With continued COVID-19 surges occurring worldwide despite the availability of a number of variations of vaccines, some patients continue to experience what is now being dubbed as “Long COVID-19” or “Post COVID-19 Syndrome”. Symptoms that are commonly experienced include a persistent cough, dyspnea, chest and/or joint pain, neuralgia, and headaches. These symptoms can last up to 12 weeks and in some cases, even longer. The more people that develop long COVID-19, the greater the strain on the healthcare system and need for appropriate diagnosis and treatment options.

A recent paper by A.V. Raveendran from January 2021 proposed diagnostic criteria to help confirm a diagnosis of long COVID-19. Depending on clinical symptomology, duration criteria and the presence or absence of a positive swab or antibodies, a long COVID-19 diagnosis can be categorized as confirmed, probable, possible or doubtful. Having an appropriate diagnosis will allow the practitioner to prescribe the relevant treatment plan.

In the United Kingdom, where the number of people exhibiting long COVID-19 continues to increase, a guideline has been developed by the National Institute for Health and Care Excellence to provide recommendations to help identify, assess, and manage the effects. As more evidence is collected, the plan is to update the document on a continuous basis to maintain its validity. The guideline takes into consideration clinical symptomology, duration criteria, and the presence or absence of a positive SARS-Cov-2 test. It also provides guidelines for suggested referrals, and a plan of care with follow-up and monitoring.

While the guideline manual has many useful suggestions, there are a number of gaps where further detailed information will be needed.  As new information is discovered, the goal is to include comprehensive reviews of symptomology, and pathology of the disease process and a better understanding of the variation in impact. Simultaneously, there needs to be an increase in rehabilitation and community resources to allow for individualized evidenced based care for those suffering from the debilitating effects of long COVID-19.

The Michigan Value Collaborative continues to assess data related to COVID-19 and will be sharing a dedicated COVID-19 push report with members in the coming months. If you would like access to the MVC registry, please request it here or via email michiganvaluecollaborative@gmail.com

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Telehealth Use: Maintaining Access to Surgical Care During the COVID-19 Pandemic.

Telehealth Use: Maintaining Access to Surgical Care During the COVID-19 Pandemic.

The COVID-19 pandemic created a unique situation which led to the high use of telehealth in caring for the medical patient population. However, it was unknown whether these same patterns would transfer to surgical care. The Michigan Value Collaborative (MVC) registry allows health systems to leverage administrative claims data from a variety of sources and better understand trends in telehealth use. Using MVC BCBSM data, the Telehealth Research Incubator at Michigan Medicine found in their study that telehealth was a viable way for patients to access surgical care.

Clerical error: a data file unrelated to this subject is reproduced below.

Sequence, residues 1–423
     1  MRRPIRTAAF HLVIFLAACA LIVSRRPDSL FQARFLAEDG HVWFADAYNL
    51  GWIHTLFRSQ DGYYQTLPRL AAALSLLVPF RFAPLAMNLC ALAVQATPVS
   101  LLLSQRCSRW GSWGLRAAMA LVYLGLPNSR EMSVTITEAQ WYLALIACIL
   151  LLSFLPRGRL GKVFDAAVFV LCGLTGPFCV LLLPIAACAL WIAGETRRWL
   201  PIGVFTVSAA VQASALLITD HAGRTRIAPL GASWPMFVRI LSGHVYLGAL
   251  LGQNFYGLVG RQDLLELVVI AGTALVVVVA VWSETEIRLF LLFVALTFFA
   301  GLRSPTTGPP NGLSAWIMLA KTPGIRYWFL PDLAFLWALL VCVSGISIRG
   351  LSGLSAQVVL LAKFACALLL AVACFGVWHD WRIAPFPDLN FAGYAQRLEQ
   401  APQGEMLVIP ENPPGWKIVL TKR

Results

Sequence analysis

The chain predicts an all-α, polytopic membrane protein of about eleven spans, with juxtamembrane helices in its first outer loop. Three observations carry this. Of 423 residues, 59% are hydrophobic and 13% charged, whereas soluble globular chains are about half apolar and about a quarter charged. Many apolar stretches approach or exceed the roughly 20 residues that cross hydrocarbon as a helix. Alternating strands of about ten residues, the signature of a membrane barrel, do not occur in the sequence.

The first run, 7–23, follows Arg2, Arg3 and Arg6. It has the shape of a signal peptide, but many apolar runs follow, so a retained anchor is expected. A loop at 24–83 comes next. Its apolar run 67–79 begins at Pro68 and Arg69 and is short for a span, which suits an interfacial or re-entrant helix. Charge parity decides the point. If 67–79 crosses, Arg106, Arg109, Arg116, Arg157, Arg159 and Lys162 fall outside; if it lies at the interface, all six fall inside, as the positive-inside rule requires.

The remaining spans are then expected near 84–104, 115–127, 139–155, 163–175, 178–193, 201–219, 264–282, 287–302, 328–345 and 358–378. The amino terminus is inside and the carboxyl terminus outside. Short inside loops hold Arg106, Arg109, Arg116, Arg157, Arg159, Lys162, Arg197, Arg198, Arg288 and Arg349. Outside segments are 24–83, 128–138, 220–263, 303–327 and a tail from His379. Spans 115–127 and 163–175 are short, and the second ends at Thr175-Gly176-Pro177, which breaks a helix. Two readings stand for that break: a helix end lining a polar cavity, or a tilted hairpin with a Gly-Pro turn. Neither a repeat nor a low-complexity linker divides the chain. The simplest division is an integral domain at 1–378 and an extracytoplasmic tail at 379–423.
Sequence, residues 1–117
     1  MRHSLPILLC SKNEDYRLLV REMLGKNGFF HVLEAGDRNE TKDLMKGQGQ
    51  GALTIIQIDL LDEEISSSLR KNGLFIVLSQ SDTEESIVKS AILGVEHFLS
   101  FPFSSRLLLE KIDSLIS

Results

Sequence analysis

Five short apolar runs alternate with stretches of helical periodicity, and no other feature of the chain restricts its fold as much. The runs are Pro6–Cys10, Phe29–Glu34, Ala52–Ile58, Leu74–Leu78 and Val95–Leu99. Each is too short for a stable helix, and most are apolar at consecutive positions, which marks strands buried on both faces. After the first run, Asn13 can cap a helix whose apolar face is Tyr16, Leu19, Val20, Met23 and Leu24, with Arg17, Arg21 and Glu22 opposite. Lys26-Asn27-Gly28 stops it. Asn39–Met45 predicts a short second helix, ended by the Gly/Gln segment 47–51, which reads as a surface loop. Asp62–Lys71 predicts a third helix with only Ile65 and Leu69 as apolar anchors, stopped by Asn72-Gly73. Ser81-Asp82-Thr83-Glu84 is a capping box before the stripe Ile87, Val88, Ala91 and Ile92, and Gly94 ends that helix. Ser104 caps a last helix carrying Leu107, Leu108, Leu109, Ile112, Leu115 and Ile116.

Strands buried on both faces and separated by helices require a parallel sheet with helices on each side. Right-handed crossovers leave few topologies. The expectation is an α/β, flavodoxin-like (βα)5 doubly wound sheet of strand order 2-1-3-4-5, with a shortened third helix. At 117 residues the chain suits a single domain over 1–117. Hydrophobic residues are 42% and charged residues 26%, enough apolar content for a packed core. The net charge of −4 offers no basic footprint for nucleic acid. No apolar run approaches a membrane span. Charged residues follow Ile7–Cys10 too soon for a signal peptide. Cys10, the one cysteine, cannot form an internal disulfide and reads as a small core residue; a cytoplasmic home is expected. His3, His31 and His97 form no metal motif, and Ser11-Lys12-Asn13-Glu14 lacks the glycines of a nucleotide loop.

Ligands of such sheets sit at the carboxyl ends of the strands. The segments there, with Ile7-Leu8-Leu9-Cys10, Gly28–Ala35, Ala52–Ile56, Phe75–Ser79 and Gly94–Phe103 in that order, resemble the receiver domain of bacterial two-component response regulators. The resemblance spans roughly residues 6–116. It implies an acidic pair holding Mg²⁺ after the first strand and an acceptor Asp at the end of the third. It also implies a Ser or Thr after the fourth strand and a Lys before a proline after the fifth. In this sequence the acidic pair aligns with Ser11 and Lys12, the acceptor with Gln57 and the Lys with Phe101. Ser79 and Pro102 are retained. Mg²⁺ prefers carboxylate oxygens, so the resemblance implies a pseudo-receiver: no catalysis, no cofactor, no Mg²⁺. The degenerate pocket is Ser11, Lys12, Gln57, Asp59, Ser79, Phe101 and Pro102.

Historically, surgery is the medical field least likely to use telehealth. However, with in-person care constraints resulting from the pandemic and updated policies making it feasible for telehealth visits to be eligible for reimbursement, a large uptake in telehealth among surgeons was witnessed.

Approximately 60% of active surgeons used telehealth in some capacity during the pandemic. Specifically, our study examined telehealth use for new patient visits. We were curious if surgeons were able to use telehealth to evaluate new patients, and the results proved that this was a viable and beneficial option to provide care. Significantly,  27% of all active surgeons used telehealth for new patient visits.

As shown in Figure 1, at peak use, we found over a third of visits for new patients were performed using telehealth. This is in contrast to the fewer than 10 telehealth new patient visits in 2019.

 

Figure 1

In addition, the study indicated that telehealth was successfully used for many surgical visits across multiple different surgical specialties, with urology and neurosurgery being the highest utilizers. This is shown in Figure 2.

Figure 2

There were two distinct periods of telehealth use: an early pandemic (fast uptake) and late pandemic period (slow decline). The slow decline that occurred during the late pandemic period indicated the reopening of clinics in June, and an increase in more in-person visits being used again. These are shown as Period 2 and Period 3 in the preceding figures.

Of note, our study looks at new patient visits because of the way that claims data is collected. Anecdotal evidence suggests that surgeons used telehealth even more for their established patients and for follow-up visits post-surgery. Although telehealth might save patients time and money in traveling to clinic, needing child care, and missing work, this type of consultation would be most appropriate for patients without post-operative complications.

It was noticed that telehealth provided access to surgical care for a significant proportion of patients during the COVID-19 pandemic. Any sustained use of telehealth will require ongoing updated policies and infrastructure to ensure patients have continued access to this option for their care.

Please reach out to the Michigan Value Collaborative at michiganvaluecollaborative@gmail.com for further information.